Dean Lewis knows what moves him. It’s the call that never came. It’s the cruel act of betrayal, the hope that fades, the moment of bliss recalled in darker days when all is lost. Most of all, it’s finding the turn of phrase, the tone and the melody that brings all this brimming to the surface of every heart that’s ever felt the same way.
“When I create music, I don’t just want to connect to the ears of the listener, I also want to connect to the heart. But when I can connect to both, it’s even better,” says the Sydney-born, Nashville-based singer-songwriter. With his heart-breaking second album, The Hardest Love, “if anything, I’ve gone further into myself, trying to zone in on the little niche I’m good at, really figuring out my voice, my reason to exist.”
That “little niche” has accounted for more than 7.5 billion streams and 3.8 million album and EP sales since Waves and Be Alright got under the skin of a smitten global audience circa 2016-2018. Dean’s #1 album, A Place We Knew, sealed a surreal trip from his grandma’s spare room to Jimmy Kimmel Live! touring Europe and the US three times and winning ARIAs for Album of the Year, Best Male Artist and Song of the Year (7 Minutes) along the way.
Still, life happens. And so do songs.
“Nearly all of these songs are about one girl,” Dean explains of the 10 new tracks on The Hardest Love. “She’s from Colorado, now she lives in LA, but I spent three, four years on the road thinking about her, calling her, writing songs for her. It was kind of a long-distance thing, but we became really, really close because I didn’t really have a home.”
As the rigours of the road ground to a sudden halt, the dream fell to Earth. “She was not the person, and I wasn’t ready,” Dean says. “We just didn’t work out. To me it was quite a dramatic thing because the person that I’d built up in my head didn’t exist. So all these songs just poured out …”
Looks Like Me was the first taste last October: a rhythmically upbeat song hiding a sinking feeling that slammed home with Hurtless, an instant 20-million-streaming second single in April. Each struck an achingly familiar chord: a crushing moment cast in the close-up cinematic style that’s become Dean’s trademark. From primetime TV in Denmark to his live return in the USA, his legion of fans welcomed him with a wave of intense emotion.
“I stared writing the album in this hotel on Sunset in West Hollywood,” he explains of the lengthy creation process. “I wrote in Nashville for a while, then I came back to LA and then went to London…” In each port of call, he experimented with various producers in search of the right sound and feeling. The pandemic meant time was on his side.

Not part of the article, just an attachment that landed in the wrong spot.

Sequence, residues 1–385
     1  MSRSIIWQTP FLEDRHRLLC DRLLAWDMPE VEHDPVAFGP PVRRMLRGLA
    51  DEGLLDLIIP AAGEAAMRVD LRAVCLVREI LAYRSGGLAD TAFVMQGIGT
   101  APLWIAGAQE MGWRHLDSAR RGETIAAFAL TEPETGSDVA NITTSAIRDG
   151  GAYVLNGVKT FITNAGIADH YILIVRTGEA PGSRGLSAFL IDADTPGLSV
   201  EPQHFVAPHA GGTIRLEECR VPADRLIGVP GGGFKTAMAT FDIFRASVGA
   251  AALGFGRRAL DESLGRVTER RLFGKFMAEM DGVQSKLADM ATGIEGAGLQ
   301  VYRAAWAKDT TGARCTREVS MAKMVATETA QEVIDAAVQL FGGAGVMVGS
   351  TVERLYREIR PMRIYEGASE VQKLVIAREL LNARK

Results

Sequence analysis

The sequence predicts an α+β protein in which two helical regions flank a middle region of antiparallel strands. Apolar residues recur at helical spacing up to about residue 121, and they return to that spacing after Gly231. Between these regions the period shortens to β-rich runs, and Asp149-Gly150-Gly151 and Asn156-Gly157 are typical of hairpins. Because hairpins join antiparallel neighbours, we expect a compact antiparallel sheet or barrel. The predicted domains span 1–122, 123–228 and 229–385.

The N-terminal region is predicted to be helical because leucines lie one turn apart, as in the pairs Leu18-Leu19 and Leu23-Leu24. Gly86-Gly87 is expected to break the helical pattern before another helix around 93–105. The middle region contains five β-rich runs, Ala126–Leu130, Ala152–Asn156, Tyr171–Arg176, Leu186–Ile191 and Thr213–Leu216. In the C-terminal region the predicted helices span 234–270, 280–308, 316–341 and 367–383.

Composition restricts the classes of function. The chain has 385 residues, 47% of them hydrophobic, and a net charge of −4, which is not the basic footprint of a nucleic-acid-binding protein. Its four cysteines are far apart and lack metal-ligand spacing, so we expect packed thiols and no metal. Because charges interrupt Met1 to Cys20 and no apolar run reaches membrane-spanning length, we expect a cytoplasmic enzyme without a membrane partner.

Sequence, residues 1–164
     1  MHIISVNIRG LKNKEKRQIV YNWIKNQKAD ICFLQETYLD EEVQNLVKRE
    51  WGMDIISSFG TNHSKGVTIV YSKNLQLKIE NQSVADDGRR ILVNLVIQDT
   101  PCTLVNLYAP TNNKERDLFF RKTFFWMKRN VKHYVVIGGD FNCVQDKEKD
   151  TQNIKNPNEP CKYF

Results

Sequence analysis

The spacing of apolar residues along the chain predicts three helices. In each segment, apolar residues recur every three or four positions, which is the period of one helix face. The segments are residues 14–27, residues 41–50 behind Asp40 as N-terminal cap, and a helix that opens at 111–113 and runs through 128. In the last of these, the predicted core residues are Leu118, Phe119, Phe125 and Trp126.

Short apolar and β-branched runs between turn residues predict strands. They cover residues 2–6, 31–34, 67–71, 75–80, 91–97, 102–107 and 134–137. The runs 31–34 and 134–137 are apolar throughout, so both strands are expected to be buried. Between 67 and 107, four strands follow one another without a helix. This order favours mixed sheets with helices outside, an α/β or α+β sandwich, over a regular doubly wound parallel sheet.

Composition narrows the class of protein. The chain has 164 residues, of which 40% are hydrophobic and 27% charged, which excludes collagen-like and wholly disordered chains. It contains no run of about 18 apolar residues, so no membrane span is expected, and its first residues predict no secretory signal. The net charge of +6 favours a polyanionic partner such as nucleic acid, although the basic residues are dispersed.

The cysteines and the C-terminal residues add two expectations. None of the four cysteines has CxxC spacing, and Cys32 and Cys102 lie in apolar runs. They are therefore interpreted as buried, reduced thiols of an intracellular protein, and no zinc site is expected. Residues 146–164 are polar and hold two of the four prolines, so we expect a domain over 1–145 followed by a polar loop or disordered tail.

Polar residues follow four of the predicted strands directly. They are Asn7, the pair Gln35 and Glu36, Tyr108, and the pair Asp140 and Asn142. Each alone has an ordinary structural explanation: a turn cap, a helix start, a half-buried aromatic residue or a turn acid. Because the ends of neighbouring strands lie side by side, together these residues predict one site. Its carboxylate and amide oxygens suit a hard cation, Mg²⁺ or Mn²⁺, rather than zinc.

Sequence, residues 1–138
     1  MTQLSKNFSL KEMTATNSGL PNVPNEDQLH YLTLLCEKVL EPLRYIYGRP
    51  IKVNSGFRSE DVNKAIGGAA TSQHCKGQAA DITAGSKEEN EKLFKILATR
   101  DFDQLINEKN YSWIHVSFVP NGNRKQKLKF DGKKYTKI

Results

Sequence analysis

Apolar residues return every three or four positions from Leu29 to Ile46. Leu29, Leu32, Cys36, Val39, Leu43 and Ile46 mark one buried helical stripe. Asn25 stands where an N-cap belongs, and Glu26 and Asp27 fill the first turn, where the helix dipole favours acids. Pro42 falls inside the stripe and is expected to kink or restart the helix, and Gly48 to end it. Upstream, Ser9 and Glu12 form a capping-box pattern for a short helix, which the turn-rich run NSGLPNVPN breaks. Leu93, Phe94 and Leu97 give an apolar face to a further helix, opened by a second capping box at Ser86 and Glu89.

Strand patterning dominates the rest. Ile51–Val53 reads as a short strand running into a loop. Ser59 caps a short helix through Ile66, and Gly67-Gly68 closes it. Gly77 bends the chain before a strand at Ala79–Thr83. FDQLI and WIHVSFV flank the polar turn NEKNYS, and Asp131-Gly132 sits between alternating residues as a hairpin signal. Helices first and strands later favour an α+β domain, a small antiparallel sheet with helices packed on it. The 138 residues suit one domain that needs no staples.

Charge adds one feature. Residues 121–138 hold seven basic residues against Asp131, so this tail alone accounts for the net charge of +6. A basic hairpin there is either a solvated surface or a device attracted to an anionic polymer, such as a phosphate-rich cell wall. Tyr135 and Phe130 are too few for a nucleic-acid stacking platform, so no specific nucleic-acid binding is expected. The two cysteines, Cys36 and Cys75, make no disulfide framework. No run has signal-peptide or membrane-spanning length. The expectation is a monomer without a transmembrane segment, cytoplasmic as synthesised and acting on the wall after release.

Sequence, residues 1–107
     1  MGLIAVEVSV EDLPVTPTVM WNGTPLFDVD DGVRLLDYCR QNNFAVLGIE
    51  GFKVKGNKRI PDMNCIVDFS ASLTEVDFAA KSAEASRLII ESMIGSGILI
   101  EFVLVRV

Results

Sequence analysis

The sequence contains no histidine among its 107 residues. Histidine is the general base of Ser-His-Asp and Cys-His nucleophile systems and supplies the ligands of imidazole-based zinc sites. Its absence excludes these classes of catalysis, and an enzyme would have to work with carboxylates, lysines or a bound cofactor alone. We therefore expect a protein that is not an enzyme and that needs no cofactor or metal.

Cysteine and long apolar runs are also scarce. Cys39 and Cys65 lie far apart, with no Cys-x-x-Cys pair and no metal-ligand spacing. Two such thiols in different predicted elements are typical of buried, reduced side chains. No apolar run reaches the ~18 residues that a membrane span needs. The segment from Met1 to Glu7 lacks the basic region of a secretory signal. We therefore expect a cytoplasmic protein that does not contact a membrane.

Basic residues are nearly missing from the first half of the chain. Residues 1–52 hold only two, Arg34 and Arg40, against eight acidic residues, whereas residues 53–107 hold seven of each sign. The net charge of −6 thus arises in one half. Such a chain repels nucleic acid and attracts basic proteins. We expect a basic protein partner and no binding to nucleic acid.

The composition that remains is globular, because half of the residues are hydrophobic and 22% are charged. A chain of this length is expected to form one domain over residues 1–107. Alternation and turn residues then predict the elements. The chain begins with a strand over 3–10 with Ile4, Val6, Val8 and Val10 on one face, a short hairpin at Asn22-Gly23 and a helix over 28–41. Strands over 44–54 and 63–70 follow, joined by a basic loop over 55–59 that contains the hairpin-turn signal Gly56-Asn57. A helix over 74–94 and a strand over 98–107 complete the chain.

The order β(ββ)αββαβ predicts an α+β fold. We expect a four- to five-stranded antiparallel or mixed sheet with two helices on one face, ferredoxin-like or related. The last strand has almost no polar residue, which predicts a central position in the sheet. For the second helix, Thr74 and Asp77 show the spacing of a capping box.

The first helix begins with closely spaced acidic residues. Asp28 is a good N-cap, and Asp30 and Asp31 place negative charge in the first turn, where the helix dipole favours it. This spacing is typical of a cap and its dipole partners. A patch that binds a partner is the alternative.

“There’s a famous quote that says people have their whole life to write their first album, and then six months to write the next one. I feel like I’ve had double the amount of time for this album than the first one.”
He recalls the jolt of ignition that greeted his first single, Waves, six years ago. “It blew up so fast and everything was so crazy that I didn’t have time to figure out what I was doing. This time I had a lot more time to think about what I liked about those songs, to go back and look at the things that made them work.”
The deep dive led to a reaffirmation of honest emotional content, and consolidation of Dean’s studio partnership with Waves/ Be Alright producers Nick Atkinson and Ed Holloway. Highlights of The Hardest Love include the uneasy surrender of Scares Me and the bracing title track, a deceptively dark song that builds from whisper to visceral brass finale.
How Do I Say Goodbye is a devastating song about the looming loss of a parent — one which had a happier ending in real life, Dean notes — with input from occasional collaborator Jon Hume. American pop journeyman Tyler Johnson (Harry Styles) co-created the tender lovers’ impasse, Something To Help.
Other songs were more solitary in nature and execution. “Me and this girl, we were talking on the phone,” Dean says of All For You, an optimistic centrepiece to an album of deeply affecting melancholy. “When I wrote it, I thought everything was going to work out. I played it to her when we hung out in LA. But I didn’t have the ending yet…”
By virtue of the remote recording process, Dean found himself co-producer of the album. “I had to learn how to do a lot more on this one,” he says. “I had to learn how to record my own vocals for a few of the songs; how to record my own acoustic guitar. All For You I recorded by myself, just me alone at an Airbnb in Malibu.”
The lion’s share of mixing fell to Mark ‘Spike’ Stent, a name Dean first saw in the credits of albums by Oasis and Ed Sheeran. “Spike is really good at blending pop with organic,” he says. “That’s what I’m aiming for. I want my songs to sound raw, but to be able to compete and be successful at the highest level. Blending those two things together, that’s a real skill.”
From hope to heartache and back again, The Hardest Love is “totally reflective of where I was in my life at that time,” Dean says. “It’s been a stressful few years… I don’t think I realised the pressure I was under because on the other side, man, I had nothing. I’d moved in with my grandma before I got a record deal. I had no money; on the verge of thinking that I had wasted all of the opportunities in my life.”
“When Waves and Be Alright blew up, I just sprinted so fast that maybe I got a bit burnt out. I’m good though, now. It’s been a crazy, crazy time. I can’t wait to play these songs for the people who bought my first album, ‘cause I really think they’re gonna love this one.”